Barrett is in the middle. His Glass is in his hand.
Chris Barrett (with permission))
When the novelty wears off, do you stop wearing the novelty all together?
And what if the novelty is proving to be more of a pain than you ever imagined?
These seem to be the thoughts that have coursed through the head of Chris Barrett, who once prided himself on being a
Google Glass Explorer but now worries that it has affected his health.
Barrett is the PR man who was first to take Google Glass into a casino (and not get thumped by someone twice his size).
He also claimed to be the first to film an arrest with Google Glass, as well as getting Bon Jovi’s keyboard player to wear his Google Glass during a concert.
In tech, though, time is a very speedy and precarious concept. Though Barrett joined the Explorer Program in June 2013, he hasn’t worn his glasses for more than an hour in total since January 1.
There are two reasons. One is persistent headaches.
He told me:
The first headache came during the first week of wearing Glass. I was wearing Glass every day, all day long; I would wear it to Starbucks; I would wear it to the mall; I would wear it driving, and I would wear it at my office. There wasn’t a minute I didn’t have it on. By the second day wearing Glass, I was Googling everything I could, impressed with the novelty, demonstrating for friends, taking photos/videos. After a few hours of use, my head started to pound. I don’t usually get headaches. I thought maybe I was just tired, so I decided to sleep it off.
The second headache came about four to five weeks later, when he was being filmed by a Korean documentary film crew. They were shooting him and his fun wearing Google Glass. During this shoot, he says, he was wearing the glasses 8 hours a day.
The headache was far worse than the first time. He told me: “It hurt so badly that I had to go straight home and sleep.”
Barrett became convinced that prolonged Glass-wearing was causing him — someone with no previous pattern of headaches — to suffer.
He wondered, though, if he was alone. So he went to the private Google Glass community site to see whether anyone else had experienced difficulties.
There, he says, he found someone who, for example, had to keep his glasses high up on his nose to see the bottom of the display. This meant he had to look up very high, which he believes triggered headaches.
Others, Barrett says, acknowledged discomfort when having to look toward the right corner of Glass. One Explorer found that only his left eye experienced difficulties.
There are also some Explorers on Twitter who admit to discomfort.
Google is confident Glass doesn’t carry with it potential health hazards.
A company spokesperson told me: “Of course health and safety are extremely important to the Glass team, and we’ve been working with eye care professionals from the very beginning to ensure that the device is safe for use. In our help center, we do encourage new Explorers to ease into Glass, just as they would a new pair of glasses.”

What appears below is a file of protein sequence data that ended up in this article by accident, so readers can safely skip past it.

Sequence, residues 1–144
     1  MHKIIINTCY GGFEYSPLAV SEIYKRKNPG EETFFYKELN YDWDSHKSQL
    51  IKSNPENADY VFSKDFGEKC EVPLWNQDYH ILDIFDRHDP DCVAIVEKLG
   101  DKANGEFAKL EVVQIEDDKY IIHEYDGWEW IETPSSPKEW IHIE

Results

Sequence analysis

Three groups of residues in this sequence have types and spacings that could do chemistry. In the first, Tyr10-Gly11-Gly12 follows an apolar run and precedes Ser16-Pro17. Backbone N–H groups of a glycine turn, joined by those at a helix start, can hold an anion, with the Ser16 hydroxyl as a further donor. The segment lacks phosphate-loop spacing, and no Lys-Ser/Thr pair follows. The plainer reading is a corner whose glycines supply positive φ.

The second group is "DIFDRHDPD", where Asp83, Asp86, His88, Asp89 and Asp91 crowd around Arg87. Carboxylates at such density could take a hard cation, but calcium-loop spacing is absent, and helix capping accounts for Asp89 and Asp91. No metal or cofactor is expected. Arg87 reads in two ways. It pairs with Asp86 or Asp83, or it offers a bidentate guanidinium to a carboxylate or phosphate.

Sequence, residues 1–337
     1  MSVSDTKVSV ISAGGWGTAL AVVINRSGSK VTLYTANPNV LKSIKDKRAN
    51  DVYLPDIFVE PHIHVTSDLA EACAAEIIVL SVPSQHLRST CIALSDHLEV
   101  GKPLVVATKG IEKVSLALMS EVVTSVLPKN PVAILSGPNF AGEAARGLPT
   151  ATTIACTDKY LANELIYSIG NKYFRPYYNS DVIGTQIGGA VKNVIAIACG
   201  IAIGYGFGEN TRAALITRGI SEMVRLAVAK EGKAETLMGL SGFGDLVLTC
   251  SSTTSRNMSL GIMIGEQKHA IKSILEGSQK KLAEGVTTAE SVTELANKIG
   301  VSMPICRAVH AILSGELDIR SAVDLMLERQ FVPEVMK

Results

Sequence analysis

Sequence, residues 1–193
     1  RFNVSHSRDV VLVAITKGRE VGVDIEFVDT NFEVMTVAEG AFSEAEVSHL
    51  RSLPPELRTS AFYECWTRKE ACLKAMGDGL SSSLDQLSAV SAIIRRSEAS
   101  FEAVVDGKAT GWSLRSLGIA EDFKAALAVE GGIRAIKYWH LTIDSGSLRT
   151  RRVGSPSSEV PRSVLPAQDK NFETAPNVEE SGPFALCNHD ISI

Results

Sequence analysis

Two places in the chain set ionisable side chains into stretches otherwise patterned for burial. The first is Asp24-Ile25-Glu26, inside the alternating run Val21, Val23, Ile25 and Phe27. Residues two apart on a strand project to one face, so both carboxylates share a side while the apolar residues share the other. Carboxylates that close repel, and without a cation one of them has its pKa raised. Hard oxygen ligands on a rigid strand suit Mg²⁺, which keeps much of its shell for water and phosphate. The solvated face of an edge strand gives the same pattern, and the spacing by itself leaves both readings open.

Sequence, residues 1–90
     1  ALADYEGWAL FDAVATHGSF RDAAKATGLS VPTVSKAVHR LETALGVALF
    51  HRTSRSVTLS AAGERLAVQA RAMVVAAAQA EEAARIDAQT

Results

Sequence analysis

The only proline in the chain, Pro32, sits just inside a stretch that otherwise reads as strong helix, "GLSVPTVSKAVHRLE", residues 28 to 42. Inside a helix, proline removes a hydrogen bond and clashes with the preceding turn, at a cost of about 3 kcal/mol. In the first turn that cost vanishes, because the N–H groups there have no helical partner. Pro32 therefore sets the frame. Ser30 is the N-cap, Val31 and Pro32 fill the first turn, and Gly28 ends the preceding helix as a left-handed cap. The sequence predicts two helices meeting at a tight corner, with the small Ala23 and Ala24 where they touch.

Google also suggests that concerned Explorers contact its Glass team to see whether the glasses are fitting correctly.
It will be harder, however, for Google to address Barrett’s other concern with Glass. Having severely limited his usage, he’s finding that he neither misses the device, nor sees a compelling continued use for it.
He told me: “I have it on my desk every day, but I just don’t have a good enough reason to wear it. It’s not worth the headache. I get my e-mails on my laptop or iPhone if I’m on the go.”
There’s an old-fashioned approach to life for you.
It’s not even as if Barrett has been pulling out Glass much for special occasions. He admitted: “Since October, I’ve traveled around the world with Google Glass, from the Dublin Web Summit to LeWeb in Paris to Utah for the Sundance Film Festival. Glass was in my bag for each of these trips, and in my bag it stayed.”
This volte-face echoes that of renowned tech personality Robert Scoble, who once posed wearing Glass in the shower yet now believes it is “doomed,” at least for now.
Barrett actually wobbled in Utah, wondering if he should shoot some of the red carpet premieres with Google Glass. Instead: “I just used my Canon DSLR.”
His experience has persuaded him that Google Glass should include a health warning:
I think there should be a warning that comes with Glass; that if you start to get a headache, you should limit your use. Not everybody who wears Glass will make the connection, especially people who are prone to headaches. I can’t imagine the effect Glass could have on migraine suffers or those with other neurological conditions.
Barrett shouldn’t be mistaken for anything other than a Glass enthusiast (and talented publicist, of course). When he noticed that he was having trouble seeing the Glass graphics in sunny weather, he got together with the designers at Next Fab Studio to create the Google Glass 3D Printed Sunshade.
This had the fortunate (or not) side effect of masking the light that shows when the Glass camera is in use, which might help a Glass-wearer with a certain bent on exploration.
When it comes to his headaches, it’s instructive that Barrett doesn’t ache for a product whose existence he once so championed.
Where once he was desperate to get it into the hands of a New Jersey band, now he seems content that his head doesn’t hurt. He believes it caused excessive eyestrain and he has decided that “the easier solution at this point is to just not to wear them for extended periods of time.”
Once, he wore it well. Now he can hardly bear to wear it at all. That’s fashion for you.
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